The ownership of the markets and fairs with the tolls belonging to them was the most important of these rights, and in recovering them to the church he had much difficulty, for it appears that the town had held them against the rector for upwards of fifty years, and naturally refused to give them up unless they were compelled to do so.
His action in these matters is recorded by him in his Wigan Leger. Among the church lands which the tenants claimed to hold in fee and refused to give up were a croft called the Lees and two crofts which I believe to have been part of the present mesnes and which were then held by Ellen Lathwayt. Of these Dr. Bridgeman took legal possession; and on Sunday, 13th October, 1617, being sessions day at Wigan, "old Hellen Lathwayt," widow, came to him at the church stile, with Alderman Barrow and William Barrow, desiring that she might again have the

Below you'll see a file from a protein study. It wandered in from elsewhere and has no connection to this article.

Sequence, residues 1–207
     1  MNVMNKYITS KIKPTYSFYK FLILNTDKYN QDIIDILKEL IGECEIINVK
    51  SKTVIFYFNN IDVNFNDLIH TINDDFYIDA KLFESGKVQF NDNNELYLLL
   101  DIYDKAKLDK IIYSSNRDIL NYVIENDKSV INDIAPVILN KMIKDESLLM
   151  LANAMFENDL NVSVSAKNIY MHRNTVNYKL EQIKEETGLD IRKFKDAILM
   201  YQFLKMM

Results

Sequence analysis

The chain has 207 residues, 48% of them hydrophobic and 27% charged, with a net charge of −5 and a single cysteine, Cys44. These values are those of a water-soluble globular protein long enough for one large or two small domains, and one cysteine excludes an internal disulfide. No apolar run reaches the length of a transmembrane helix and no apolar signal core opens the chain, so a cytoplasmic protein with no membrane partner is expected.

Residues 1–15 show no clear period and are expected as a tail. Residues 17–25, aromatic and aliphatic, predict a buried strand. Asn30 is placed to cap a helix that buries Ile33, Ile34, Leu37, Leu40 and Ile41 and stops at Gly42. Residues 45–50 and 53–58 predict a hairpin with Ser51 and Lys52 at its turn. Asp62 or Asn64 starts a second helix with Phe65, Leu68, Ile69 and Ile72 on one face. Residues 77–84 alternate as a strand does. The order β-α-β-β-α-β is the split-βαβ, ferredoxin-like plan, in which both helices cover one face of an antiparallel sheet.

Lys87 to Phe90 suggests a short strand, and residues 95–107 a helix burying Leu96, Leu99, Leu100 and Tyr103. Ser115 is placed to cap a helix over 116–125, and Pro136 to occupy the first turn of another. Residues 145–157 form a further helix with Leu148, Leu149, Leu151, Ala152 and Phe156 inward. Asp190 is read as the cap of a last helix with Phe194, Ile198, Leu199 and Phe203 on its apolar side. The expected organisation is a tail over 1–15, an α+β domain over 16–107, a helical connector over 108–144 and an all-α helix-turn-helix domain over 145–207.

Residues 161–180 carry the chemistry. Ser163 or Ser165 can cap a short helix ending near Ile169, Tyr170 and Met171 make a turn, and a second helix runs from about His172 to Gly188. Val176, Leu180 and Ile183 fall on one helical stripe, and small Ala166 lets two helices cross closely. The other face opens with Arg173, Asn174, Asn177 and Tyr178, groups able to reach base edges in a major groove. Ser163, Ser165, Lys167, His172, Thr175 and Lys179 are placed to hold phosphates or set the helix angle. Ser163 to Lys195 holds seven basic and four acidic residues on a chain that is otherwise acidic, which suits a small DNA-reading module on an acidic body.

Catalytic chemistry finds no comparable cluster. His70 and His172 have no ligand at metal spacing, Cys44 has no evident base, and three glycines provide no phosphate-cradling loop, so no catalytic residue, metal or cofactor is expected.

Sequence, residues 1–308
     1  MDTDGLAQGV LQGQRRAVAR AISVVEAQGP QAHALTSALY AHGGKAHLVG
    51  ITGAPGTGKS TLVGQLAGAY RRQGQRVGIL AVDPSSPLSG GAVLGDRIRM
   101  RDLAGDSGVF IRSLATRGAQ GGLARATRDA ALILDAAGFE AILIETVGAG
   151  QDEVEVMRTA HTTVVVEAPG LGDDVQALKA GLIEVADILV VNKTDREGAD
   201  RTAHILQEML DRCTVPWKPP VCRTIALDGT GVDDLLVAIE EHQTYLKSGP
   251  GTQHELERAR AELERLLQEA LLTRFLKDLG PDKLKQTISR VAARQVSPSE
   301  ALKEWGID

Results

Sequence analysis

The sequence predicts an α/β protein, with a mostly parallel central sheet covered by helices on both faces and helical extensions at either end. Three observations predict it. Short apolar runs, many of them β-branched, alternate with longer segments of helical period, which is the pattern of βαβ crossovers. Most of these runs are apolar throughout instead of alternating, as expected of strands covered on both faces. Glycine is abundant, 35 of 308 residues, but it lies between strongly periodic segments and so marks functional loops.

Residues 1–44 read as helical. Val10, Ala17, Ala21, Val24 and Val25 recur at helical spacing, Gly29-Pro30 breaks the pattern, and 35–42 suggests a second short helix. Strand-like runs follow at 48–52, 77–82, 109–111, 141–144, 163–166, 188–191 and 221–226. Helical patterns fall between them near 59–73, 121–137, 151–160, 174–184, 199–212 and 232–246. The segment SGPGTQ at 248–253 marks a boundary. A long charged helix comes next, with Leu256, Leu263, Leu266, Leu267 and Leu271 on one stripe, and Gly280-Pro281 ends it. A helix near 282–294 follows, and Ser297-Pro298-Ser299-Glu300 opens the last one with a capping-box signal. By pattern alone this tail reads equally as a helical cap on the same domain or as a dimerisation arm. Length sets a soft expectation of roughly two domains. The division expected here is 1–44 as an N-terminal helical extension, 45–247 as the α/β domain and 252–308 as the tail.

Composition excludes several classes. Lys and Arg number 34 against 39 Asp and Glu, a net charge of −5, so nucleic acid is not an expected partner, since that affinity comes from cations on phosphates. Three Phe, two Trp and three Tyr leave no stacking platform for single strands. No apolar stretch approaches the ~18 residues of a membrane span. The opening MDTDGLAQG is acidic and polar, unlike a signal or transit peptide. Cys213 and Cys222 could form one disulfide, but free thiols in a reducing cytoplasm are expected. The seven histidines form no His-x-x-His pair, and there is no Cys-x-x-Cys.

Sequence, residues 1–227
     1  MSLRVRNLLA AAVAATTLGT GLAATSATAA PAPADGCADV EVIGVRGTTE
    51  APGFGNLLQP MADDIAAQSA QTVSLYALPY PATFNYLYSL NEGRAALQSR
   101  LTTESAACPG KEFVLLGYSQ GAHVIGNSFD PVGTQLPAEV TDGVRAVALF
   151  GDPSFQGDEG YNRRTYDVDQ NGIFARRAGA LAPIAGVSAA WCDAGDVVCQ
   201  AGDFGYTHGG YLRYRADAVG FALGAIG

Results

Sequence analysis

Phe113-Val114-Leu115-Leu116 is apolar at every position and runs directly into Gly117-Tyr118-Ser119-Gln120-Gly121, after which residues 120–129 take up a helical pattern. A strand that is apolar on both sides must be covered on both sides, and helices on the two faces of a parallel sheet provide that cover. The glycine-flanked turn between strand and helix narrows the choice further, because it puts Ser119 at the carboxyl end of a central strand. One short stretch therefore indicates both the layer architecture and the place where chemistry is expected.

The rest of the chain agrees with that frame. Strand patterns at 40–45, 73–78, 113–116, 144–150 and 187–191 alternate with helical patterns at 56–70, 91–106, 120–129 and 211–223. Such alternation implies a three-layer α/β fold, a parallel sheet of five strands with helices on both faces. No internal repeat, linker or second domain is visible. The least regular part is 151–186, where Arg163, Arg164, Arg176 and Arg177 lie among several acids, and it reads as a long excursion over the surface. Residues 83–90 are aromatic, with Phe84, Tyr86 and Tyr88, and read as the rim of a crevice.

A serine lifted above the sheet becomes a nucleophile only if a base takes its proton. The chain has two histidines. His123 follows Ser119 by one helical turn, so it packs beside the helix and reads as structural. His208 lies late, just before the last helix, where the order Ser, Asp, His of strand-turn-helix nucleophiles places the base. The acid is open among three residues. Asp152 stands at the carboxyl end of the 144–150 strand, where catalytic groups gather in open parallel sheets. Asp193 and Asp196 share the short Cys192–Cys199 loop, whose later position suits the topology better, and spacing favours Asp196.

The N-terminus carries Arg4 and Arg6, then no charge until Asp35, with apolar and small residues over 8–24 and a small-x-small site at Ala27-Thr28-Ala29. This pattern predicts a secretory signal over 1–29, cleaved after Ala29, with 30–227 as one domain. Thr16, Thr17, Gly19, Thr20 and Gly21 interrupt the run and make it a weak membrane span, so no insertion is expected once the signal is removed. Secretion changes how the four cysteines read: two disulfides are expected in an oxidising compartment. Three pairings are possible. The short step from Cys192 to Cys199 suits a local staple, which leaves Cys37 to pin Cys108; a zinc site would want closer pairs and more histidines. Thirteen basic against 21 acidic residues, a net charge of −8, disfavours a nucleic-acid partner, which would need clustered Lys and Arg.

occupation of these lands, but he refused to let her or any of her friends meddle with them, because, as he told them, he saw they made no conscience to appropriate the church's land if they were suffered to enjoy it never so little time; but he offered to give her the profits thereof during her life, out of charity, which she refused, and when her cousin, the young Barrow, expostulated somewhat saucily with him. Dr. Bridgeman said he would keep them to himself, and do what he pleased with the profits. About an hour afterwards she came to Dr. Bridgeman's house; and in